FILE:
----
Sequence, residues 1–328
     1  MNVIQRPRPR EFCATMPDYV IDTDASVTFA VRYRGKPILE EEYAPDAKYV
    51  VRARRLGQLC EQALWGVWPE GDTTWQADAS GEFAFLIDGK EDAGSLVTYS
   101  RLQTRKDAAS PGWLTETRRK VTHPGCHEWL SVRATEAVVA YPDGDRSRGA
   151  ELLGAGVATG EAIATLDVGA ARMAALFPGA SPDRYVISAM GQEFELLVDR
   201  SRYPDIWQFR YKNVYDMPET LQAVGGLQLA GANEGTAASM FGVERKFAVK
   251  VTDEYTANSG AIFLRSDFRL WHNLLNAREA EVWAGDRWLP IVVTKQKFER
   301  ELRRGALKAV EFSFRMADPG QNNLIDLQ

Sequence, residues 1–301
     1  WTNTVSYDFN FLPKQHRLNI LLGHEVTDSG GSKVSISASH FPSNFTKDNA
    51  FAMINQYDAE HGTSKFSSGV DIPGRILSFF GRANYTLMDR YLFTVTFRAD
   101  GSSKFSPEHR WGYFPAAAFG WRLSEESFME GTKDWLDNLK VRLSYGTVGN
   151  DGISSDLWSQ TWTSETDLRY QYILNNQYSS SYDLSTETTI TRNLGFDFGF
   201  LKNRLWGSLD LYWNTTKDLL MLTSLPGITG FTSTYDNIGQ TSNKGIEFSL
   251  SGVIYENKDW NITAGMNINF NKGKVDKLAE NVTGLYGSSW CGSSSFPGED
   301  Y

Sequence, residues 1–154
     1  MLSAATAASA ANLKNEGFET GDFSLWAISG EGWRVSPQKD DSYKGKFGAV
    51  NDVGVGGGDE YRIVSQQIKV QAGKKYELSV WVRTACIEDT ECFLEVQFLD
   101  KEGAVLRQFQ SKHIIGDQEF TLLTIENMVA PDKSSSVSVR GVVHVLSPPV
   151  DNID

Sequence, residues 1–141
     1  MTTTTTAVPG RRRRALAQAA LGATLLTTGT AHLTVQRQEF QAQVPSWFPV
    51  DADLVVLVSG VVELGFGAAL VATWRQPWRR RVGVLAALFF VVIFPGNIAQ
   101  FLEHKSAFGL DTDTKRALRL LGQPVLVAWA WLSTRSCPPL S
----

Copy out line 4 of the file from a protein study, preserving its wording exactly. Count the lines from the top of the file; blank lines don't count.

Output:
   101  RLQTRKDAAS PGWLTETRRK VTHPGCHEWL SVRATEAVVA YPDGDRSRGA